Once upon a time, city newspaper deliverers were called paperboys. It was a common job for junior high and high school kids who were looking for their own spending money. My brother and I had our own route that extended eight blocks up one street and another eight down on a parallel street. We had the route over 50 years ago, but I still remember some of the route, certainly some houses, all sorts of weather, and, of course, the finish line.
Our route was in the Riverside neighborhood of Missoula. The streets were straight and not at all like the neighborhood in which I grew up. This area was and is called the Rose Park neighborhood or ‘Slant Streets.’ This area was, according to historians, supposed to have been its own little town south of the river and street grids were developed to more or less follow the river. This never happened and so the neighborhood street grid is slanted in relationship to the streets in surrounding neighborhoods. My neighborhood has its own newspaper routes, but none were available when my brother and I got the job. We were lucky, however, to be assigned to routes that were perfectly straight and crossed only a few busy streets.
On this map, the reader can easily see where the neighborhood of the slanted streets is. Our paper route was in the neighborhood called Riverfront just to the north, but south of the Clark Fork river.
Wake Up: I wish I could remember when we had the alarm clock set, but it was early. Let’s say 5:30 AM. I was never very good about popping out of my warm bed, but my brother was. While I dawdled, he got dressed and went downstairs to wait for me. Sometimes, he had to go back up and wake me up. Sometimes, when I finally showed up, he was asleep wearing his double-sided paper bag and slouching in a dining room chair. Most of the time, however, we were up and on the way to pick up our newspapers.
Pick Up: The central pickup location for our route was in front of a store very near to where our route started. Many of the boys gathered at about the same time and we loaded newspapers into our pouches. Strewn on the sidewalk were bundles of newspapers, each identified by route number and the boy’s name. Attached to the bundle, we sometimes found envelopes containing instruction notices. Notes told us to cancel a delivery, hold a delivery, where to put the newspaper, and complaints that the paper was wet, delayed or missed entirely. Some boys preferred to fold their papers as they loaded their pouches, but we folded as we went. On Sundays, the paper was stuffed with advertisements, and other supplements and so the bags had to be hoisted on our shoulders with the help of others. This is until we got smart and learned to load while wearing the pouch. This system helped to make the weight distribution even.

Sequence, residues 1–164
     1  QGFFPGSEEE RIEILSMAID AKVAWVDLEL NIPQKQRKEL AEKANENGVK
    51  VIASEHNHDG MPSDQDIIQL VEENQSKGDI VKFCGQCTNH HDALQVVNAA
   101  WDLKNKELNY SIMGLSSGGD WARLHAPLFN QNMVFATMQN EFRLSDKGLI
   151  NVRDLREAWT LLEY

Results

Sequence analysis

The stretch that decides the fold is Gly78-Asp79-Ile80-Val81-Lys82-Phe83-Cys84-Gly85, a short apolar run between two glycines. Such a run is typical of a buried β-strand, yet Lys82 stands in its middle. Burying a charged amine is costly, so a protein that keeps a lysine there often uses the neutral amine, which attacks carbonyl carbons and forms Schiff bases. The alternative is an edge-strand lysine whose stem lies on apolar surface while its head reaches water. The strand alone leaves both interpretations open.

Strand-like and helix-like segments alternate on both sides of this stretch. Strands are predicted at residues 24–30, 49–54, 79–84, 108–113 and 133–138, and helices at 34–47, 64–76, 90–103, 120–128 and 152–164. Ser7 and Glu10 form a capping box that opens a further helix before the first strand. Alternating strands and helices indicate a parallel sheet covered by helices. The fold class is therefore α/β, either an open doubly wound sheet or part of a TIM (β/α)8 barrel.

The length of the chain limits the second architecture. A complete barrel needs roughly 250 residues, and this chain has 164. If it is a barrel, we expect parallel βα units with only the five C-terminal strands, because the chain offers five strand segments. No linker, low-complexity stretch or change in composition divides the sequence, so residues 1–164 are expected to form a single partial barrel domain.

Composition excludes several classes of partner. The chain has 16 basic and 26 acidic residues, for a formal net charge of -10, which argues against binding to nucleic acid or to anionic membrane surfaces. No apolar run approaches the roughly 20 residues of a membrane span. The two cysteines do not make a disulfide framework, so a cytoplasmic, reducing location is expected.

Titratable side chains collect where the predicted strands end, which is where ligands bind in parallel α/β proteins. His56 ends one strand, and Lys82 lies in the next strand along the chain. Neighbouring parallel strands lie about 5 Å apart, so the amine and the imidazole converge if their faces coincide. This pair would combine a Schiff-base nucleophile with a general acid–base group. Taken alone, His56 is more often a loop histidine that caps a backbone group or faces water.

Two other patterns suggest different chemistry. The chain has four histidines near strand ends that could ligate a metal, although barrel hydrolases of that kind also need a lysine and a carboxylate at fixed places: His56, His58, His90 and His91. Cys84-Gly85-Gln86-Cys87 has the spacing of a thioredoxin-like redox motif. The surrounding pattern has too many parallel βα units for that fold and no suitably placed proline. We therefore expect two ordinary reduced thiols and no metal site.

Delivery: As I recall, our route started with an apartment building. It’s interesting to think that doors were not locked back then and so we would walk right in and deliver door to door on three floors. It was a nice way to start the route, especially on a cold winter morning when we would routinely warm on hands on top of iron radiators that hissed and moaned as hot water ran through their veins.
The rest of the route was primarily single-home residences. Each home had its own character, and each homeowner had a particular request about where the paper should be placed. The most common place was behind a screen door. On windy days, we placed newspapers under doormats, and on wet or snowy mornings, we were obliged to put the paper behind a screendoor. With each creaking door, I awoke many a watchdog!
Sometimes, people would be waiting at the door for the newspaper, and so hand- to-hand delivery was the order of the door. Very few of the homes had front yard fences, but even so, in those days gates did not require locks and entryway codes so a fence and gate were never a bother. Most of the time, delivery was a peaceful routine. My brother and I pretty much kept the same pace as he took one side of the street and I took the other. In any case, we kept an eye out for each other.
The end of the route was in front of a grocery store and then home was quickly found via a walk through a park, past the ‘church block’ where nuns and priests lived in their respective buildings and where the church and school lay.
Collections: Not only did paperboys deliver, but we also collected the fees for the service. Toward the end of each month, my brother and I would walk our familiar routes, usually at night to ring doorbells, and when the door would open, we would politely say, “Collecting for the Missoulian.” Often, this was the first time we saw our customers, for good or for bad. By this, I mean that the good customers always had their money ready and even gave a tip, while the baddies didn’t have any cash or couldn’t find their checkbook and would say something like, “I’ll be ready next month and how many months do I owe?” After we had collected enough to pay our bill (it took about a week or so), my brother and I hoofed it downtown to pay the bill in cash. After the bill was paid, the remaining profit went to us.
The Legacy: I have clear memories of the job, and yet some details have completely vanished from my memory. I remember, for example, the fun of being the first one to walk in fresh snow, and feeling the pouch become lighter and lighter as I progressed on the route. I remember that some houses seemed welcoming while others appeared menacing. I remember a big black labrador dog that jumped on my back as I walked away and I also remember the sound of rustling through thick layers of leaves on sidewalks. I remember the money, mostly quarters and special envelopes at Christmas that offered Christmas greetings and a tip of a few dollars or maybe even a five-dollar bill! I remember going to the bakery at the end of collections where my brother and I would buy our favorites: raised sugar doughnuts and maple glazed bars.